– Former South Carolina Governor Nikki Haley lags behind Donald Trump by 26% in recent South Carolina polls.
– Trump leads with 58% Republican approval vs 32% for Haley according to the Monmouth University-Washington Post poll.
– Despite the gap, Haley plans to remain in the Republican primary race through Super Tuesday.
In a strong and vivid display of Republican sentiment in South Carolina, former President Donald Trump outpaces former SC Governor Nikki Haley by a noteworthy 26%. A recent Monmouth University-Washington Post poll reveals Trump’s command over the ‘first-in-the-South’ Republican primary state with 58% support compared to Haley’s 32%.
Unflinching Trump Support
These numbers coincide with trends seen in other polling data following Trump’s victory in the New Hampshire primary earlier. Trump’s lead is backed by significant numbers of Republican voters defining themselves as ‘strong Republicans’, ‘very conservative’, and those that maintain the unfounded belief that President Biden did not win the 2020 election legitimately.
Despite being well behind, Haley does hold sway within certain voter demographics. Among those defining themselves as moderate and liberal, or in favor of abortion rights, Haley holds a firm lead. Also, in a slim margin, she leads among those with at least a college degree. This composition of supporters aligns with the demographics that helped her to a respectable 43% to 54% margin against Trump in the New Hampshire run.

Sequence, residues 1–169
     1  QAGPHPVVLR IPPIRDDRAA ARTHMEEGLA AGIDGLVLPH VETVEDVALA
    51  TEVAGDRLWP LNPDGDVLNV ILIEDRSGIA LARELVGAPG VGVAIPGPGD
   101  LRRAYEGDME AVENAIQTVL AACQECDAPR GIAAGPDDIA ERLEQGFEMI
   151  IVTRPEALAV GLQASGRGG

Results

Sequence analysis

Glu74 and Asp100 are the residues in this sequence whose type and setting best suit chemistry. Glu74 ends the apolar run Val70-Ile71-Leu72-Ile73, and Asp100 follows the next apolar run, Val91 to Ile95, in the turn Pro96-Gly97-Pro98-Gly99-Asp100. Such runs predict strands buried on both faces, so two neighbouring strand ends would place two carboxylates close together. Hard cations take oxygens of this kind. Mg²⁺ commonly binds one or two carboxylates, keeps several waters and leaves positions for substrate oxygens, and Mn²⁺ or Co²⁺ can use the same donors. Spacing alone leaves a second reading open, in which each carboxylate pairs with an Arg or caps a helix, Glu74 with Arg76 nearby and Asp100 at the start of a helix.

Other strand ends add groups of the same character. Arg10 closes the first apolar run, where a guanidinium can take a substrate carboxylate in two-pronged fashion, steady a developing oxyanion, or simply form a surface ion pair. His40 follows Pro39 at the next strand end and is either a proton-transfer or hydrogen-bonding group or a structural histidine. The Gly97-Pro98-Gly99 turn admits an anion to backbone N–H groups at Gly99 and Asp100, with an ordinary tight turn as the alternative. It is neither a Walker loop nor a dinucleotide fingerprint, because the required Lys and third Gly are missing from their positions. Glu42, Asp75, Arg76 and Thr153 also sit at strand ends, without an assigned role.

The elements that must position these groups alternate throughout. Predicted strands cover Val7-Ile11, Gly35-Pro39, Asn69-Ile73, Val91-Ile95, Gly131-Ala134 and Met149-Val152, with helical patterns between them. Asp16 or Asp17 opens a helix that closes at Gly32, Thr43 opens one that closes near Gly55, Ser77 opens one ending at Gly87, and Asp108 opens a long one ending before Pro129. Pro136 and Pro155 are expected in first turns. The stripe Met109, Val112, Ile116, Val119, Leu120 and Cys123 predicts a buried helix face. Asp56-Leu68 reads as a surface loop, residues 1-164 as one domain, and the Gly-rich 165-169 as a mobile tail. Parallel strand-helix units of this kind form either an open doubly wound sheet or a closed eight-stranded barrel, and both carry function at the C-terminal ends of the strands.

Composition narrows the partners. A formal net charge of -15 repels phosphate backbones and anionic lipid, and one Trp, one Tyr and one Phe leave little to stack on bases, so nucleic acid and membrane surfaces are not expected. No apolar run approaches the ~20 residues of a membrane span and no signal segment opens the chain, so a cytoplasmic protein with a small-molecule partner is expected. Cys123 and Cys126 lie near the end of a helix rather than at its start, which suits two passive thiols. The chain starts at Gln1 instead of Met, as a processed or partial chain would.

A Different Race for Haley
While the race results in New Hampshire were respectable, Haley faces a steeper climb in South Carolina. The state has fewer educated and independent-minded voters, a key demographic for Haley. Her campaign, however, remains hopeful. They are working to persuade some Democrats and independents to forgo the Feb. 3 Democratic primary and cast their votes for Haley in the GOP contest, which is allowed in the state.
Haley vs Biden
A spirited Haley aims to continue her campaign till at least the Super Tuesday primaries, which follow 10 days post the South Carolina contest. She’s focusing on fundraising efforts to fuel her underdog campaign and is quick to point out polls that indicate her stronger position against Biden in a general election when compared to Trump.
Meanwhile, Trump, enriched by wins in Iowa and New Hampshire, is confident that Republican voters want him as their nominee for the third consecutive time. He publicly called for Haley to step down and his allies vow to ‘teach her a harsh lesson’ in South Carolina if she decides to soldier on.
Regardless of how the South Carolina contest shapes up, it promises to deliver several defining moments. With spirited campaigning from Haley and Trump’s established voter base, the race will undoubtedly dissect various Republican viewpoints as the countdown to the Feb. 24 primary continues.